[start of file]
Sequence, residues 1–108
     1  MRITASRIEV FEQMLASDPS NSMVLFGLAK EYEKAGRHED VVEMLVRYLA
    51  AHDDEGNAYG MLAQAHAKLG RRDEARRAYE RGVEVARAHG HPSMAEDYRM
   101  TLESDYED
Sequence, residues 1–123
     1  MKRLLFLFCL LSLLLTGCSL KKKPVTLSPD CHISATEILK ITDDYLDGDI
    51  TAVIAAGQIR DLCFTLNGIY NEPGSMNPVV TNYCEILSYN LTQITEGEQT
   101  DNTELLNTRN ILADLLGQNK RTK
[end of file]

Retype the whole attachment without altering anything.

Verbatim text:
Sequence, residues 1–108
     1  MRITASRIEV FEQMLASDPS NSMVLFGLAK EYEKAGRHED VVEMLVRYLA
    51  AHDDEGNAYG MLAQAHAKLG RRDEARRAYE RGVEVARAHG HPSMAEDYRM
   101  TLESDYED
Sequence, residues 1–123
     1  MKRLLFLFCL LSLLLTGCSL KKKPVTLSPD CHISATEILK ITDDYLDGDI
    51  TAVIAAGQIR DLCFTLNGIY NEPGSMNPVV TNYCEILSYN LTQITEGEQT
   101  DNTELLNTRN ILADLLGQNK RTK